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The Changeling
a Tragedy
CATEGORY : DRAMA
by Middleton and Rowley

COMPANY : Resurgens Theatre Company [WEBSITE]
VENUE : The New American Shakespeare Tavern [WEBSITE]
ID# 4806

SHOWING : November 16, 2015 - November 20, 2015

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PRODUCTION DESCRIPTION

Beatrice-Joanna has a dilemma—she’s engaged to one man, desperately in love with another, and is being hideously blackmailed by a third. Is it any wonder that she becomes a “woman dipped in blood”? Resurgens Theatre Company returns to the Shakespeare Tavern this November with Thomas Middleton and William Rowley’s celebrated tale of sudden death and shameless debauchery. Directed by Dr. Brent Griffin, this “original practices” production delves deep within the heart of wickedness to afford Atlanta audiences, for the first time in nearly four hundred years, “all [the] sweets that ever darkness tasted.”


CAST & CREW LIST
Director Brent Griffin
Diaphanta Janine DeMichele Baggett
DeFlores Thom Gillott
Jasperino Trey Harrison
Vermandero Joe Kelly
Alsemero Stuart McDaniel
Tomazo de Piracquo Michael Myers
Beatrice-Joanna Olivia Sloan
Alonzo de Piracquo Jim Wall
Click to Submit Cast & Crew Info for this production
REVIEWS

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Well-Spoken
by playgoer
Sunday, November 22, 2015
3.5
From a psychological viewpoint, "The Changeling" isn’t a very convincing play in Resurgens Theatre Company’s production. Beatrice-Joanna has three men who want to have her, only one of whom she wants in return. She convinces one of the unwanted suitors to kill the other, assuming that she can pay him off and that he will go into exile. Instead, the murderer demands her virtue in return. He starts to take it by force, but then, partway through, she willing gives it. The rest of the plot revolves around her trying to fool her remaining suitor into believing she is a virgin, even going so far as to pay off her loose-acting, but virtuous servant to take her place in the wedding bed, so that her new husband will experience the taking of a maidenhead. Add in her father, who seems to blithely accept one suitor, then the next, and shows little emotion when his daughter is dying, and you have a juicy plot with little believable underpinning in human behavior.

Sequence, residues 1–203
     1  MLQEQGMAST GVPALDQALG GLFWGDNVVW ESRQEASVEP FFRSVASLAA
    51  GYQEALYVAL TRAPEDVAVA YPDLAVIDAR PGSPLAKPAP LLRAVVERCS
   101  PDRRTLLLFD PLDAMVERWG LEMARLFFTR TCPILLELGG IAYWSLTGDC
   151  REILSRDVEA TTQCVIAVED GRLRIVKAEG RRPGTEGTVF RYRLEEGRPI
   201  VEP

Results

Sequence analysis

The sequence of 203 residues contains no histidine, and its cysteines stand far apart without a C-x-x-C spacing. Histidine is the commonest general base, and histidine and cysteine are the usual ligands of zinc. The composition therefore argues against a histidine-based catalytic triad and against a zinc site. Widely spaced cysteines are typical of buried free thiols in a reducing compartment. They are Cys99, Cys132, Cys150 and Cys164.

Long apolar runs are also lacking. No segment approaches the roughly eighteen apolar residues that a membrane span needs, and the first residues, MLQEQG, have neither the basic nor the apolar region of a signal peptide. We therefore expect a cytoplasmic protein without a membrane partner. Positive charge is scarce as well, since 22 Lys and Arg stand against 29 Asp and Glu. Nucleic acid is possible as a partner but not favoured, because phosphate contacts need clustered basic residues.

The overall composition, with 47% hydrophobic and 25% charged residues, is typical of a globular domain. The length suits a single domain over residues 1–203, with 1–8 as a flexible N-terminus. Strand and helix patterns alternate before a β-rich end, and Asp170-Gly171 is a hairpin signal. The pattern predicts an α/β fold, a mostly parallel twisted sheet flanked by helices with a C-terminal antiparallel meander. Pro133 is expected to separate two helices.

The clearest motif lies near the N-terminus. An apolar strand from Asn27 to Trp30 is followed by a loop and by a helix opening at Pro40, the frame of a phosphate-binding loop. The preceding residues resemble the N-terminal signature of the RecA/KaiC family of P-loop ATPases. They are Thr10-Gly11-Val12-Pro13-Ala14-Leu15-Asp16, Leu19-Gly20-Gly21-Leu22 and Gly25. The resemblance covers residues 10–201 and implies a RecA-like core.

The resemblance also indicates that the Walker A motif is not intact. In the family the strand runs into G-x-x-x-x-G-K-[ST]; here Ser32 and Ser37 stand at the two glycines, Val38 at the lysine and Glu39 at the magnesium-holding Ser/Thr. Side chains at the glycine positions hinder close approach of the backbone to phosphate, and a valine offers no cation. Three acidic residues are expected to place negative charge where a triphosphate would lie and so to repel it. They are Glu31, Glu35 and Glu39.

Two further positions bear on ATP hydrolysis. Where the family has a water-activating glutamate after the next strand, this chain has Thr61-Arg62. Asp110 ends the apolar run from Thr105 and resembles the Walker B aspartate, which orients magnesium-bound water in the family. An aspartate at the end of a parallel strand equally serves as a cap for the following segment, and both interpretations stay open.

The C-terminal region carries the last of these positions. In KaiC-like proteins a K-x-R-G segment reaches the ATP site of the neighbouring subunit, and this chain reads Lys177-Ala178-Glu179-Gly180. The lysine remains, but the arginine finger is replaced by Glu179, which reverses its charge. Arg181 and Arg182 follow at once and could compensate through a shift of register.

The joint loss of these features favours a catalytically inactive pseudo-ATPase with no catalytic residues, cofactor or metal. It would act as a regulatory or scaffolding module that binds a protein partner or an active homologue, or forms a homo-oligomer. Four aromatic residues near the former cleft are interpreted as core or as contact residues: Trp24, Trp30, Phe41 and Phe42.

Most of this, of course, is the doing of playwrights Thomas Middleton and William Rowley, as edited by director Brent Griffin. The title may reflect the sudden changing of Beatrice-Joanna’s behavior, but the abrupt change is jarring in production. Mr. Griffin has done little to make the behavior make sense to modern audiences.

Also jarring is the music provided by Esther Morgan-Ellis, played on a cello and sung from the balcony of the stage. It overpowers dialogue, gives no period feel, and starts with a concert piece that shows off her virtuosity to no discernible end. Equally jarring is her smiling visage as she views the portions of the play that do not feature music. Director Brent Griffin has done her no favors by incorporating her contributions in this production.

With the exception of the underpowered voice of Michael Myers as Tomazo de Piracquo, the script is beautifully well-spoken by the cast. A consistent tone comes across, in contrast to the often flat and pedestrian speaking of Shakespeare’s verse in Georgia Ensemble Theatre’s concurrent "Romeo and Juliet." The vocal performances of the cast are excellent, even if the psychological aspects of the roles don’t always make sense.

Visually, the production relies on the costumes of Anné Carole Butler and Catherine Thomas for its beauty. Atlanta Shakespeare Tavern’s set for "The Tempest" is the background; lighting is a consistent candlelight wash. Luckily, the costumes are nicely rendered and consistent with the period. This is a good-looking production, despite the self-imposed limitations of "original practice" (performing the play with the same production values as in its original incarnation, with no modern theatrical effects).

Olivia Kaye Sloan is strong as Beatrice-Joanna, and Thom Gillott is even stronger as the murderous Deflores. Janine DeMichele Baggett is vivacious as servant Diaphanta, and Trey Harrison is as good as I’ve ever seen him as Jasperino, friend to victorious suitor Alsemero (played with quiet intensity by Stuart McDaniel). Joe Kelly, as Beatrice-Joanna’s father Vermandero, and Jim Wall, as unwanted suitor Alonzo de Piracquo, give understated performances that blend well with the rest of the cast.

"The Changeling" has been stripped of its subplot in this version, and seems a bit anemic and choppy as a result. It’s a Jacobean tragedy lite, with the richness of the original script pared down to the elements that expose the bare bones of the plot. It doesn’t give the feel of a full evening of theatre, condensing the five acts of the original into a 90-minute highlights reel. It’s a pleasure to see works of Shakespeare’s contemporaries on the stage, but in this case I would have preferred seeing more of the work on stage and less on the cutting-room floor. [POST A COMMENT REGARDING THIS REVIEW]


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